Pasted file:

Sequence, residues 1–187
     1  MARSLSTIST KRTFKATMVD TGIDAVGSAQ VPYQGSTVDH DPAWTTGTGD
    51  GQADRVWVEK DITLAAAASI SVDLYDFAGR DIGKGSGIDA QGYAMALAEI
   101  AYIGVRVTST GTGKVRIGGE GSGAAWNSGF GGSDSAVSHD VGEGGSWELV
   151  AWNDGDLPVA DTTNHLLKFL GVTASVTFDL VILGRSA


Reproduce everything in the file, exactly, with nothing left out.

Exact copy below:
Sequence, residues 1–187
     1  MARSLSTIST KRTFKATMVD TGIDAVGSAQ VPYQGSTVDH DPAWTTGTGD
    51  GQADRVWVEK DITLAAAASI SVDLYDFAGR DIGKGSGIDA QGYAMALAEI
   101  AYIGVRVTST GTGKVRIGGE GSGAAWNSGF GGSDSAVSHD VGEGGSWELV
   151  AWNDGDLPVA DTTNHLLKFL GVTASVTFDL VILGRSA